Providing Notice of Implied Consent Rights to a Deaf Defendant

Several earlier posts address the requirement that a defendant be notified of statutory rights related to implied consent testing before being requested to submit to a test of his breath, blood or other bodily fluid.  Posts here and here address whether notification of those rights must be provided in language that the defendant understands.  A … Read more


Proving the Per Se Prong of Impaired Driving without a Chemical Analysis

The usual way for the State to establish that a person drove while impaired under the per se prong of G.S. 20-138.1 is to introduce the results of a chemical analysis demonstrating that the person had an alcohol concentration of 0.08 or more at any relevant time after the driving. Not only are the results … Read more

Miranda and Field Sobriety Tests

Normally, field sobriety tests are administered before an arrest is made, as part of an officer’s investigation into a possible DWI. In that case, it’s clear that the officer need not read the driver his Miranda rights before administering the tests. The driver isn’t in custody — he’s just the subject of a traffic stop … Read more


Can I Get a Remedy? Suppression of Chemical Analyses in Implied Consent Cases for Statutory Violations

Dan Defendant is charged with and arrested for driving while impaired. He is taken to a law enforcement center for administration of a chemical analysis. At 2:00 a.m., the chemical analyst informs Dan of his implied consent rights, as set forth in G.S. 20-16.2. Dan indicates that he wishes to call a witness. Dan calls … Read more


Boating While Impaired

Labor Day marks the unofficial end of summer around these parts, and I thought I’d mark the occasion with a post related to boating (a favorite summer pastime) and crime (since this is, after all, the criminal law blog).  Specifically, this post discusses the crime of boating while impaired. G.S. 75A-10(b1) prohibits the operation of … Read more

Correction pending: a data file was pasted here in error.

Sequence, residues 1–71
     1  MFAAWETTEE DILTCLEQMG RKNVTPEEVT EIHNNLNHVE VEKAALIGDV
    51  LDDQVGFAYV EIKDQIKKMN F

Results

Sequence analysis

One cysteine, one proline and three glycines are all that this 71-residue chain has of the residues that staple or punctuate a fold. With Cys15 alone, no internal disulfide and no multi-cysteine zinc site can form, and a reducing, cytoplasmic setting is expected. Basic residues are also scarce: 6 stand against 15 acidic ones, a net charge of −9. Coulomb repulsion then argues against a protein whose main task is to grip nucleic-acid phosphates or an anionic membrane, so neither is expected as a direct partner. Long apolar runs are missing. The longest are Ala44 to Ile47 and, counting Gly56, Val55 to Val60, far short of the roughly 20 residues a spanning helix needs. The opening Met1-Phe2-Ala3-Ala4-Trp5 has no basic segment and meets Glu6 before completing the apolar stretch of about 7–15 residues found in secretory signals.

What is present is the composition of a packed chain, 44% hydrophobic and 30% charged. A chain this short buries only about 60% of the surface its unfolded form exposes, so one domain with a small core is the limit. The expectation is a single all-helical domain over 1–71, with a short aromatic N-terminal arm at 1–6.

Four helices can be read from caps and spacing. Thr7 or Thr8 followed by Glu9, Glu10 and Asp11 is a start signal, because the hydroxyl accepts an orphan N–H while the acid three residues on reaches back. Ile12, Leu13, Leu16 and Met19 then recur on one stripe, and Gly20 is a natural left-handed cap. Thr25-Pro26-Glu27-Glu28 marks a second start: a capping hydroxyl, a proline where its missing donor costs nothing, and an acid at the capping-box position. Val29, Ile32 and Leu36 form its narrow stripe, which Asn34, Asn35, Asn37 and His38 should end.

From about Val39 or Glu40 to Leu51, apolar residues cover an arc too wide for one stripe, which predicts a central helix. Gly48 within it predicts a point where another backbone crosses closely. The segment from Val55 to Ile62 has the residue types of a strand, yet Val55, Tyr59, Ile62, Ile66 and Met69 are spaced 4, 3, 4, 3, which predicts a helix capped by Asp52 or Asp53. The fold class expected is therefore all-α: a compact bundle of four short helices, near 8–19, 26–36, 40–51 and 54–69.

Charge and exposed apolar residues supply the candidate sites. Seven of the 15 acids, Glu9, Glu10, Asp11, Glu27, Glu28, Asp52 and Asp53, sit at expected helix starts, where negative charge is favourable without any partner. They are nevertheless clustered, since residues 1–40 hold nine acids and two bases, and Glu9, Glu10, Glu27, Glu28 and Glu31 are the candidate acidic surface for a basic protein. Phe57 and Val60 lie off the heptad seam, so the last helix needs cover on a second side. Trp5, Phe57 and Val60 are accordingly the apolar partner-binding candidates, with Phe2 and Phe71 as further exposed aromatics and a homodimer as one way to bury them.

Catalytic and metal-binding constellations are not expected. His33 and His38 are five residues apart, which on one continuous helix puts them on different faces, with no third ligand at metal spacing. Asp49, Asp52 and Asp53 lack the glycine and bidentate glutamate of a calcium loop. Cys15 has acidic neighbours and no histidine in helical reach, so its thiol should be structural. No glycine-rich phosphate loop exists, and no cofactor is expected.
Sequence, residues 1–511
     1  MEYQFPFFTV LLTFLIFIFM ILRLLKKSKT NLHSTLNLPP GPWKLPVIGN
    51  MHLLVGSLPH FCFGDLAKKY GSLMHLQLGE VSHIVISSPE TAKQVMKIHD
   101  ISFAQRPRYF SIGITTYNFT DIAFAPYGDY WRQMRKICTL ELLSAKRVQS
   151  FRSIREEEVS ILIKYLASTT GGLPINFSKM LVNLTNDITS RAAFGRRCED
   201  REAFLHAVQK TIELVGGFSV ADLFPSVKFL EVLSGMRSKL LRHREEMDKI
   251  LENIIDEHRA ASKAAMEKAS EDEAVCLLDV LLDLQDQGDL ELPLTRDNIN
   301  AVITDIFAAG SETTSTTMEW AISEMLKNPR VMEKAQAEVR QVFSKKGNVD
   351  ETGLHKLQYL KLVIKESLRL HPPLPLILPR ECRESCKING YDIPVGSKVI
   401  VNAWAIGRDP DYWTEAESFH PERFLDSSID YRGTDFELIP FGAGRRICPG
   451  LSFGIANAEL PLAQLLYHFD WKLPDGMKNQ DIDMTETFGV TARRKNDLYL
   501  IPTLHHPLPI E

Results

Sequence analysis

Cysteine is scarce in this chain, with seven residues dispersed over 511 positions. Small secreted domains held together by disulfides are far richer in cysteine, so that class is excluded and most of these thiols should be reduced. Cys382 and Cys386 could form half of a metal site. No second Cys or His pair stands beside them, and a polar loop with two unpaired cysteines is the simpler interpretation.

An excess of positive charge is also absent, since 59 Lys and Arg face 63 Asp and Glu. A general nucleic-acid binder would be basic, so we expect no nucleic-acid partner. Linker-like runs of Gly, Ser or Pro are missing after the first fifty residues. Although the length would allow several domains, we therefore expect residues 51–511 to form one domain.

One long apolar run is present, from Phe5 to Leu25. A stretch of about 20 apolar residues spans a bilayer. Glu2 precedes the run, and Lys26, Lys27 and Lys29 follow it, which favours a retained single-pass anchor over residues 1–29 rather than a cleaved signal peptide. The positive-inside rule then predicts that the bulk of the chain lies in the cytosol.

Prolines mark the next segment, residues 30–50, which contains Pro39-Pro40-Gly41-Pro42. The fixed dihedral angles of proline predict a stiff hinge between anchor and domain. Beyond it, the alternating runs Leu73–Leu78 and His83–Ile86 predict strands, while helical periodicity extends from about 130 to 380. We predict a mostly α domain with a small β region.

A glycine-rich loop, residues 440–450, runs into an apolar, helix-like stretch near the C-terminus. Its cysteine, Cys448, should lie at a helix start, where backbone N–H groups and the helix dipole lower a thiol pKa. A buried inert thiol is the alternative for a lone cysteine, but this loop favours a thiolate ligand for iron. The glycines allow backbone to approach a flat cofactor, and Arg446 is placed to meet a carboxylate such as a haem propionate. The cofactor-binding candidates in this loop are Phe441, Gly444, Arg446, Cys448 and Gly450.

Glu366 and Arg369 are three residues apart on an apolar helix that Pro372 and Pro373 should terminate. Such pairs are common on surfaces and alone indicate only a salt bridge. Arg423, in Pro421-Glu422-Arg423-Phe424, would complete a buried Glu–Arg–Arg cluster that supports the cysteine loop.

Nothing Much Shocking about Shockley

The court of appeals ruled this week in State v. Shockley that alcohol concentration readings from two of four attempted breath samples collected within 18 minutes of one another met the “consecutively administered tests” requirement for admissibility of a chemical analysis pursuant to former G.S. 20-139.1(b3).  (As amended in 2006, the provision now requires “at … Read more

News Roundup

Although I have a couple of more scholarly posts ready to go, there have been enough intriguing news stories over the past several days that I couldn’t resist doing another news roundup. First, returning to a topic I blogged about here, a Texas inmate has just been convicted of having a cell phone in prison … Read more

Breathalyzer Source Code

Once again, my interest in criminal law and my interest in technology have come together in a brewing legal controversy.  The issue is whether a DWI defendant who has submitted to a breath test for alcohol has a right to access the “source code” of the breath analysis machine.  The Minnesota Supreme Court, in State … Read more